Meetings at FMH
These meetings are held on the second Wednesday of each month, generally with an invited speaker. Brief notes on the talk and subsequent discussion are given where these are available.
AGM followed by ‘in-house’ discussion: How do Humanists demonstrate a social conscience and be seen to do so?
Buddhism and Humanism – Veronica Voiles, Insititute of Education, Manchester Metropolitan University
Religious Education and Citizenship in Schools – Helen Jeyes, Head of RE, Manchester High School for Girls
Helen described the RE syllabus she has developed, which focuses on moral philosophy. It includes discussion of issues such as abortion, euthanasia and the concept of a â€˜just warâ€™ in Year 10, and the study of philosophical texts at Sixth Form level. She argued that young people today need to study and understand religion in order to tackle many of societyâ€™s problems, such as Islamophobia. RE is vital to cohesion in our society as a tool to eradicate ignorance and prejudice. Her approach deals with the big and meaningful questions in life, and has led to increasing numbers of girls taking RE at GCSE. It is also the subject with the highest percentage increase in GCSE entries nationally.
In subsequent discussion, there was general agreement that much of this approach was essentially Humanist. Helen described Humanism as the second belief system in England, and noted that most RE teachers are open-minded and some may be agnostic. As at least 40% of the population declare themselves to be either atheistic or agnostic, there is a real need to address the issue of teaching morality in schools. She accepted the possibility that the main religious faiths were not the only way to teach morality, and that the good life was possible without supernatural support.
She therefore agreed with the proposal in the Qualifications and Curriculum Authorityâ€™s â€˜National Framework for R.E.â€™ that pupils should be introduced to secular traditions and Humanism. Her teaching attempts to do this, and she was pleased to receive copies of the GMHG Units that are being submitted to Manchester SACRE for inclusion in its Local Syllabus.
Genetic Medicine in the 21st Century : Hype and Reality – Helen Middleton-Price, Director, North-West Genetics Knowledge Park
In this very interesting and informative talk, Helen explored what are the real possibilities created by advances in genetic medicine, and explained the need to be sceptical about some of the more ambitious claims.
Genetic services for inherited conditions arising from mutation of individual genes provide diagnosis and information by blood spot tests. Helen emphasisedÂ that what is provided is information and non-directive recommendations that enable families to make informed choices.Â In the light of eugenic experiments in the past, there is no question of developing strategies to rid society of such conditions. Strict criteria are used for screening: serious conditions, significant incidence, simple testing and effective treatment.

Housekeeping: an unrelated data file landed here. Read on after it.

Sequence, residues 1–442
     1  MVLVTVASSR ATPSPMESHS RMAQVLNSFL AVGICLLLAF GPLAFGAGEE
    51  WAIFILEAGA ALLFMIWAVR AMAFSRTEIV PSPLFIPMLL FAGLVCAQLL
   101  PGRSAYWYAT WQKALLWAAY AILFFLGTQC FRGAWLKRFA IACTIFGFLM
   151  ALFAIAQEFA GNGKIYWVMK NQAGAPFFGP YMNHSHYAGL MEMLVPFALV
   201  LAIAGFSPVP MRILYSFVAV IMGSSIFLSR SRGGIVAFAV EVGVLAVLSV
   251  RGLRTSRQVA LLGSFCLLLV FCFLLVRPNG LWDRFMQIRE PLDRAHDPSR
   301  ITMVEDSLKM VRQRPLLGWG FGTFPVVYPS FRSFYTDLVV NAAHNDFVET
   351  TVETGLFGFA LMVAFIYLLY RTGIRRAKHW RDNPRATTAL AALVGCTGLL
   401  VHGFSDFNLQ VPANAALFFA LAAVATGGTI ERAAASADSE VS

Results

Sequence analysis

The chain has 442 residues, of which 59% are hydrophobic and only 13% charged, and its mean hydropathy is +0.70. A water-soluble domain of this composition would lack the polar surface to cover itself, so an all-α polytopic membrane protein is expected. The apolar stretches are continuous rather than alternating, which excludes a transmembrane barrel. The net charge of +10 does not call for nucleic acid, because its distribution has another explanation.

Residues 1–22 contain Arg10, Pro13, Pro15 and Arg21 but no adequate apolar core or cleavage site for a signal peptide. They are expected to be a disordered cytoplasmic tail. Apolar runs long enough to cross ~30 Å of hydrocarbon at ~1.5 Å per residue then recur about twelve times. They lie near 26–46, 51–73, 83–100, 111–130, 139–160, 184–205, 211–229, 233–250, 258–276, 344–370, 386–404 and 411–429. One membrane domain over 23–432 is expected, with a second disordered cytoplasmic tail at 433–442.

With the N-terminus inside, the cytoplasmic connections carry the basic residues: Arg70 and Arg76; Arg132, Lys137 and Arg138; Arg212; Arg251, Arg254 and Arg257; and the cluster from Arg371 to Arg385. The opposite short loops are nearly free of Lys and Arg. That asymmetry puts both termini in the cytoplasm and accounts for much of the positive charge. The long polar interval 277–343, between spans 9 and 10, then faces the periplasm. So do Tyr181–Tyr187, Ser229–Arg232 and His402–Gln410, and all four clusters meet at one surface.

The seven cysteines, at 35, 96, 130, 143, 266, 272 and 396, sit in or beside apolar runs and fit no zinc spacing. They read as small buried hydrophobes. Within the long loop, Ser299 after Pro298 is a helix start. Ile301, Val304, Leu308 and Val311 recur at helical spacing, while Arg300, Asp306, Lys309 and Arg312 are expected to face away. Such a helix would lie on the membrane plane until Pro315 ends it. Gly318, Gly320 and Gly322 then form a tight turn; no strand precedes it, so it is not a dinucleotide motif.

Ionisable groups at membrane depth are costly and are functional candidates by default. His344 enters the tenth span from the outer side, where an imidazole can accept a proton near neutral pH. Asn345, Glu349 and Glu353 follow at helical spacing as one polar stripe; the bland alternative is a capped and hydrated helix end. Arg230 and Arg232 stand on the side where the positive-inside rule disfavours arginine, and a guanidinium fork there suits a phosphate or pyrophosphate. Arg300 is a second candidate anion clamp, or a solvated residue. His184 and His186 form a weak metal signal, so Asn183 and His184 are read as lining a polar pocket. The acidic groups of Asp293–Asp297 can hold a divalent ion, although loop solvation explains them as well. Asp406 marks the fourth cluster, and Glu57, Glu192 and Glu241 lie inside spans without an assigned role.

The conditions treated include PKU and muscular dystrophy. PKU treatment is dietary and has been very successful. Muscular dystrophy is carried by females and only affects boys: identification of the high risk factor allows for abortion of male foetuses. More conditions are treated in America than in the UK, where intervention is restricted because of concern about prolonging a poor quality of life. But screening will soon be available here for sickle cell anaemia, thalassaemia and cystic fibrosis during pregnancy.
The other main area of genetic medicine is the possibility of predicting common diseases for individuals. This has not developed as some expected, and is over-hyped. Inflated claims have been made, eg for a â€˜murder geneâ€™ and a â€˜fat geneâ€™. A susceptibility can be demonstrated, eg that most murderers are male, but this is NOT a useful predictor. Any genetic links with conditions work in complex association with environmental factors such as life style, social and economic status, diet and pollution, so we should be sceptical about these claims.
One very useful area of genetic medicine is pharmocogenetics â€“ the analysis of side-effects from drugs (which account for 6% of hospital admissions, resulting in death in 1 in 700 cases). Proper diagnosis can enable doctors to select the best drug for individual patients.Â Another important area is the treatment of cancers, where combinations of genes control cell growth. Tumour types have specific patterns of cell activity, and survival chances depend on appropriate treatment, eg herceptin for certain types of breast cancer.
In summary, genetic screening will help families deal with an increasing number of inherited diseases, and help greatly in prognosis and appropriate treatment of many other conditions, but is unlikely to lead to profiling individuals at birth for future susceptibility to illness. But there will always be the issue of genetic discrimination in terms of who receives treatment and who does not.
Coronations without God – ‘in-house’ debate led by Chris Neilson
A Sceptical Reading of the Qur’an – Guy Otten
The Pulpit and the Stage – Derek Slater
Derek, who has been involved with the theatre all his life, gave us a masterly talk, tracing the development of theatre from its origins in Ancient Greece to the present day. Conflict with secular and religious authorities has been a constant theme, and in some periods theatrical performances were banned as subversive or corrupting. From 1824 to 1968, public theatres in Britain were subject to censorship by the Lord Chamberlain, of which Derek gave several amusing examples.Â Attempts at control continue to the present day, eg efforts by some Christian groups to ban ‘Jerry Springer – the Opera’ and the cancellation of a play set in a Gurdwara after protests by some Sikh groups. But efforts to extend the depth and breadth of theatre also continue and, whether we consider it a good thing or not, censorship may one day be banished completely.